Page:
How accurate is social media at gauging the real success and reach of a TV show or digital movie? At the beginning of this year, "engagement," or how often viewers mentioned a specific piece of content on Twitter, Facebook, Instagram or other site, was heralded as an innovative (and cheap) way for content providers to get their finger on the pulse of viewer tastes.
Apple's introduction of the iPhone 6s and 6s Plus last month reignited a switching war among Tier 1 carriers for iPhone customers in the waning weeks of the third quarter. According to a new report from MoffettNathanson analyst Craig Moffett, which analyzed data on social media provided by the firm Comlinkdata on customers switching, T-Mobile US performed the best while AT&T Mobility fared the worst, with Verizon Wireless and Sprint somewhere in the middle.
Social media may boost TV shows that score weak on traditional TV ratings. A new study by Engagement Labs that measures social data for online and offline conversations (word of mouth), found that series on Fox, ABC, NBC and other broadcast networks that have middling to low traditional TV ratings do well in terms of engagement scores.
T-Mobile US leads the Tier 1 wireless carriers in what is known as digital "share of voice," according to iSpot.tv, a research firm that tracks and analyzes TV advertising. Share of voice is an ad revenue model that focuses on weight or percentage among other advertisers in a given market. T-Mobile has around 60 percent of the "digital SOV," according to iSpot.tv, meaning it has a disproportionate share of mentions and influence in digital and social media. That lets T-Mobile attract and capture younger customers.
How do millennials find and watch video content? That's a question nagging both media and entertainment industry players and brand advertisers hoping to reach this coveted demographic. And there doesn't seem to be a true solution to content discovery yet.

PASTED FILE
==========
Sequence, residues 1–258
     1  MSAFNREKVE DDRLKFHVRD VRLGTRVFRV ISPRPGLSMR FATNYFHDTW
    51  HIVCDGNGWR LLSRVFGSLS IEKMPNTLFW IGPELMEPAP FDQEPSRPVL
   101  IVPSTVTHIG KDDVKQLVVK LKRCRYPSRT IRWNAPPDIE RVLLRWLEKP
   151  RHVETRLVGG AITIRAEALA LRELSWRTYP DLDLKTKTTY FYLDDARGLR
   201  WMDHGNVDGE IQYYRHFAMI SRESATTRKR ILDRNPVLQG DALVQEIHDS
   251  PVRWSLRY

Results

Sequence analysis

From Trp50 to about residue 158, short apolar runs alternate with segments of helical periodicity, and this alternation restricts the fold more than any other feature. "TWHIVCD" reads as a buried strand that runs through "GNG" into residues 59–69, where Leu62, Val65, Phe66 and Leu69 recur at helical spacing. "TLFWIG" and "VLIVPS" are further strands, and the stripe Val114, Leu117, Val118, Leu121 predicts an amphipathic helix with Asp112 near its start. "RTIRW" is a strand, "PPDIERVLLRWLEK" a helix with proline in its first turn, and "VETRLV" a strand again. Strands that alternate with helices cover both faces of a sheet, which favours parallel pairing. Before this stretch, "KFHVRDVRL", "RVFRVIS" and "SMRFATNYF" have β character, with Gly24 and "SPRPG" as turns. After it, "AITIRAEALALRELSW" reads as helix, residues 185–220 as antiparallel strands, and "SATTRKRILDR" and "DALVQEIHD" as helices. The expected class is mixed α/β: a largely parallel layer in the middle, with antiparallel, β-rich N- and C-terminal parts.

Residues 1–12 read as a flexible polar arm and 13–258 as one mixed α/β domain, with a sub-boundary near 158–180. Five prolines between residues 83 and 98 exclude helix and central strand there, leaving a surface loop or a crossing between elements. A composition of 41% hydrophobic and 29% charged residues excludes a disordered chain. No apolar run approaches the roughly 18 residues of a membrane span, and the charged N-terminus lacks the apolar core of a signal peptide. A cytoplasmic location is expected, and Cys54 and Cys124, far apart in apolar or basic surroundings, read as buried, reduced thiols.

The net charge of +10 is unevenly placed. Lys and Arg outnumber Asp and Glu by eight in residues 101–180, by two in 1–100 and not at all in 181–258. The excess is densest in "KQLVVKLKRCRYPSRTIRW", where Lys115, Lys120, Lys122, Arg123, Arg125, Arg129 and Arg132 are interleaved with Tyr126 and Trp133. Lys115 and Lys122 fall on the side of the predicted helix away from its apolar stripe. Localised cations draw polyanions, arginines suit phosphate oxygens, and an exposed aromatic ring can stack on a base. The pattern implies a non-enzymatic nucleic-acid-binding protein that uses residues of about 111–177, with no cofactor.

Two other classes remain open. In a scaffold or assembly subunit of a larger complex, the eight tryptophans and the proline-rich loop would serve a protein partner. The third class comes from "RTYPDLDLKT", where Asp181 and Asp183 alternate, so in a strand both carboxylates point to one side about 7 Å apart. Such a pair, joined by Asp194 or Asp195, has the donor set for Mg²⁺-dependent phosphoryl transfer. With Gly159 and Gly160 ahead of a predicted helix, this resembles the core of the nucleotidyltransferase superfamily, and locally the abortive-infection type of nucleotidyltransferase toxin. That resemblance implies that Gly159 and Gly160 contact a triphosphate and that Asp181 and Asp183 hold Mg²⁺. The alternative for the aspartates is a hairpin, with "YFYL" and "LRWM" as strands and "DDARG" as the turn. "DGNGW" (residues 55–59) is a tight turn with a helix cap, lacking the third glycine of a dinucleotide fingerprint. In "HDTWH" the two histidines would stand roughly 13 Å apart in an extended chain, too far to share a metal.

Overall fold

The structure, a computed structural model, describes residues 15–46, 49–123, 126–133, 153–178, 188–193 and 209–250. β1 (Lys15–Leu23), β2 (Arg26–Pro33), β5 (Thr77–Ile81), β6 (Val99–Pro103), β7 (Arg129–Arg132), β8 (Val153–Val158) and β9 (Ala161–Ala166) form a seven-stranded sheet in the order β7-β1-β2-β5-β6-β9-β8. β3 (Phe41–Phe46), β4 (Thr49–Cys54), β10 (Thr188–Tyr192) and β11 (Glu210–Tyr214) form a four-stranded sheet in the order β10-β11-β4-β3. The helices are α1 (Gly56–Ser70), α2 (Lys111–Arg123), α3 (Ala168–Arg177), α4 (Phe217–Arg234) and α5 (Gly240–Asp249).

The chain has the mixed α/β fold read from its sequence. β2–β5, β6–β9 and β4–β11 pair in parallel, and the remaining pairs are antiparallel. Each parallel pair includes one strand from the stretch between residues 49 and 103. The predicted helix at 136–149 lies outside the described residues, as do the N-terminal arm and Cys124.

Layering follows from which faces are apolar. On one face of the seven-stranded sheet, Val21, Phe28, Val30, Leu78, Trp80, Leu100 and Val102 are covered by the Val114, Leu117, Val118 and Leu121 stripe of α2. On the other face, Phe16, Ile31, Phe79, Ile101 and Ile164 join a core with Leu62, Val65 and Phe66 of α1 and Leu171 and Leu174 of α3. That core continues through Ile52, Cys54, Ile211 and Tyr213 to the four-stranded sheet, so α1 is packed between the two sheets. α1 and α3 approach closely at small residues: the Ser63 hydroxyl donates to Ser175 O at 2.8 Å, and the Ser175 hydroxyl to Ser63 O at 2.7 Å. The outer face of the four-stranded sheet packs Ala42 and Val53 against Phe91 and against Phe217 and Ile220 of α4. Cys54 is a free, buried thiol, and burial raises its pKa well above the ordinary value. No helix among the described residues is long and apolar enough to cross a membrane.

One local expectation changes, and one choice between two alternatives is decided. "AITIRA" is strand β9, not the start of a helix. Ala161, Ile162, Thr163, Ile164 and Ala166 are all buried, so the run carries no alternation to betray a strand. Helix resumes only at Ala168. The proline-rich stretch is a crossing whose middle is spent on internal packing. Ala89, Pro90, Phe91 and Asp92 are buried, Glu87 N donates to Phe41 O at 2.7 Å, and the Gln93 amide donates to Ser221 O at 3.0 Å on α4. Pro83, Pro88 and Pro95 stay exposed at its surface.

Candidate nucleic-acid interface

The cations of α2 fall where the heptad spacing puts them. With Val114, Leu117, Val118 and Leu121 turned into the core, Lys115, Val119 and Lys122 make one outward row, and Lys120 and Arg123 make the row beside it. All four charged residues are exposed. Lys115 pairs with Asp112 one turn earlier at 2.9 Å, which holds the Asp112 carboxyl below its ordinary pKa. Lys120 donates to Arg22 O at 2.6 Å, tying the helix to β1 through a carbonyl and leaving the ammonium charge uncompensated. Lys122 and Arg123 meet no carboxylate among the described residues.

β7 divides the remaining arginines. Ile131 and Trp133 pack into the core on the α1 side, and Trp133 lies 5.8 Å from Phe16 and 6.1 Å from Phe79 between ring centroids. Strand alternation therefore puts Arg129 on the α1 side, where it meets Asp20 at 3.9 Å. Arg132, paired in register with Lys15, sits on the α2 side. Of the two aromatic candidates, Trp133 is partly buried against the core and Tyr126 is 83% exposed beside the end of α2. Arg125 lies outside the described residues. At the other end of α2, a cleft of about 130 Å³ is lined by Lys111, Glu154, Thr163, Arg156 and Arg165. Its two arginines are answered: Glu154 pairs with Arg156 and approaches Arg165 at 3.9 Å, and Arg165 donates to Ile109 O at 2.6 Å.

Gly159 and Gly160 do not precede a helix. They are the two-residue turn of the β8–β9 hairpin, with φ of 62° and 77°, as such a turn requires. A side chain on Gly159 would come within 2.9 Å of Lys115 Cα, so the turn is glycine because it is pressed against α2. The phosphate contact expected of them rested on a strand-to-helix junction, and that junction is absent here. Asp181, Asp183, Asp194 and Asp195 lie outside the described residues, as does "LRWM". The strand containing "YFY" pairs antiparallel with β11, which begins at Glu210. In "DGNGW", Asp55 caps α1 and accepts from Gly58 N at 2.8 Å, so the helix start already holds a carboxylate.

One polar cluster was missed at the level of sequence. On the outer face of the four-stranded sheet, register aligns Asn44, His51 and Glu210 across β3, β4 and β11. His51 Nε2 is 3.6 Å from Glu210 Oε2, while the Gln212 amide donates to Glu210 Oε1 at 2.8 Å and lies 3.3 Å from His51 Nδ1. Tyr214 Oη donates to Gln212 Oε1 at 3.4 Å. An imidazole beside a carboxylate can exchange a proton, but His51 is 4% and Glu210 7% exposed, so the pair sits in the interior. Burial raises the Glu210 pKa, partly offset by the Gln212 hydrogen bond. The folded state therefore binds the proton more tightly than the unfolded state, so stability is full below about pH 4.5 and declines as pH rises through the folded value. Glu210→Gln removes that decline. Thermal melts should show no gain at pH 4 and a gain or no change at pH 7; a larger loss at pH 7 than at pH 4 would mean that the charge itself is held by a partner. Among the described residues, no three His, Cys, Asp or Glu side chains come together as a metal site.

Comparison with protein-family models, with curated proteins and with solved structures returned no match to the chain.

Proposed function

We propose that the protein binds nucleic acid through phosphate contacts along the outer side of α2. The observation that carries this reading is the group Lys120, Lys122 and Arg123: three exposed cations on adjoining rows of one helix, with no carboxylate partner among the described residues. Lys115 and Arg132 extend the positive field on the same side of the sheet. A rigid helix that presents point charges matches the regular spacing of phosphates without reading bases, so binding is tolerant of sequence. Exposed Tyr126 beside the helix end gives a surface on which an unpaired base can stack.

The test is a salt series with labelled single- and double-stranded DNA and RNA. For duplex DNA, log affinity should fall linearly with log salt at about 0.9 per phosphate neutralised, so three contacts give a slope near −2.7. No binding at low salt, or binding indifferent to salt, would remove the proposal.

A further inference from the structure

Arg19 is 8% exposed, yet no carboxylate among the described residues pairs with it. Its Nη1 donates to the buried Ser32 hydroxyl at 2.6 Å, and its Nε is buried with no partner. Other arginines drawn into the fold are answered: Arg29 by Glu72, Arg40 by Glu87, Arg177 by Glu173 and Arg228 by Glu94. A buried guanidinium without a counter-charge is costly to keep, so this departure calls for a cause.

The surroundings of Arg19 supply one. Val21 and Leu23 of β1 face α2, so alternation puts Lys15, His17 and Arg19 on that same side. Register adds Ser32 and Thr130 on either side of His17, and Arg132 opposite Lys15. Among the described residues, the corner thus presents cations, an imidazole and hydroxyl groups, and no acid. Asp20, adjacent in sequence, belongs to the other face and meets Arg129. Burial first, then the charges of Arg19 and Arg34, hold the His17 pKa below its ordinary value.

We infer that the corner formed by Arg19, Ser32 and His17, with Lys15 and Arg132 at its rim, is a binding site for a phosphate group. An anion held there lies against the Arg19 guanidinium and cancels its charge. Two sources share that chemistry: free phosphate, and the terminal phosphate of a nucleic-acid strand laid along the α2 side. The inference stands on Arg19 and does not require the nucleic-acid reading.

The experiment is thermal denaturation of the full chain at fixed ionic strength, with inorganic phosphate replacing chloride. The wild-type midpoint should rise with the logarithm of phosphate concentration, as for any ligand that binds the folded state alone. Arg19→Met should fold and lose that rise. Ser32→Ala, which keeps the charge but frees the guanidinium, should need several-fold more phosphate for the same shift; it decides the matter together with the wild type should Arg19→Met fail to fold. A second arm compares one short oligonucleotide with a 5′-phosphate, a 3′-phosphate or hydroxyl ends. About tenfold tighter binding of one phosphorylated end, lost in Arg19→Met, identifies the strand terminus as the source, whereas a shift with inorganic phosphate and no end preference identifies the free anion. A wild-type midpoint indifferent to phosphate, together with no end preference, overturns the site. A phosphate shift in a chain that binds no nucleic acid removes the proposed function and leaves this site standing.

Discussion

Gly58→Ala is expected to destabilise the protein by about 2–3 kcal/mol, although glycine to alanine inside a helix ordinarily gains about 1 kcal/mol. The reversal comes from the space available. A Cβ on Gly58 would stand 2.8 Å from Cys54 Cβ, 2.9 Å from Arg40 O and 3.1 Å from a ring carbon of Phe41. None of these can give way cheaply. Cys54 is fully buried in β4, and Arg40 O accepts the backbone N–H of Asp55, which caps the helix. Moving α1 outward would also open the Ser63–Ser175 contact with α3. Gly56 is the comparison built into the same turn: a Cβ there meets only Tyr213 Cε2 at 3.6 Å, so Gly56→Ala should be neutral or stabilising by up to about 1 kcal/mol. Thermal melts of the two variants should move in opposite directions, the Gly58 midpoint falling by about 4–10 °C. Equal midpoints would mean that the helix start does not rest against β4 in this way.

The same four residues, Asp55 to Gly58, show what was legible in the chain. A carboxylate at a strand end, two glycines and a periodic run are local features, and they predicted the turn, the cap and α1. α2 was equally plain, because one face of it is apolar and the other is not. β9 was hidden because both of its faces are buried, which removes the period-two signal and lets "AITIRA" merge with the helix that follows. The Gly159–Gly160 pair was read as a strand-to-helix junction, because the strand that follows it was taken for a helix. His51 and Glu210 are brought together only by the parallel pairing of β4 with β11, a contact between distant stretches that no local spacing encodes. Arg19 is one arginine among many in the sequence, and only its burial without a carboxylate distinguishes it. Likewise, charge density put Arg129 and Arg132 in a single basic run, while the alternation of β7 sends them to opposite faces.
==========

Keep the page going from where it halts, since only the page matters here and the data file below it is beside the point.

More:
Is live-streaming app Meerkat edging out Twitter-owned Periscope for views? An informal test being run throughout this summer by brand advertiser Bolthouse Farms is generating some interesting early results.
If the Will Ferrell-Kristen Wiig Lifetime Original movie A Deadly Adoption was a bit of a head-scratcher for fans of the comedic duo, the movie's weekend debut still scored a solid win for social media engagement.
To say that Twitter's addition of video to its social media platform has been a success in the mobile realm is an understatement. According to the company, 90 percent of video views by users have been on mobile devices. But more important to the company's bottom line, its buildout of a native video player and advertising capability means it is finding new ways to pull in revenue.
The halls were alive with the sound of drones this year at NAB, the National Association of Broadcasters' annual fete in Las Vegas. What do drones have to do with online video? On the surface, not much.
Players in the online video space that want to make serious money need to focus on two key areas: creating or distributing premium video content, and making it easy for viewers to find that content. But in the short term, social media is one of the best ways to publicize videos--and maximize ad revenue.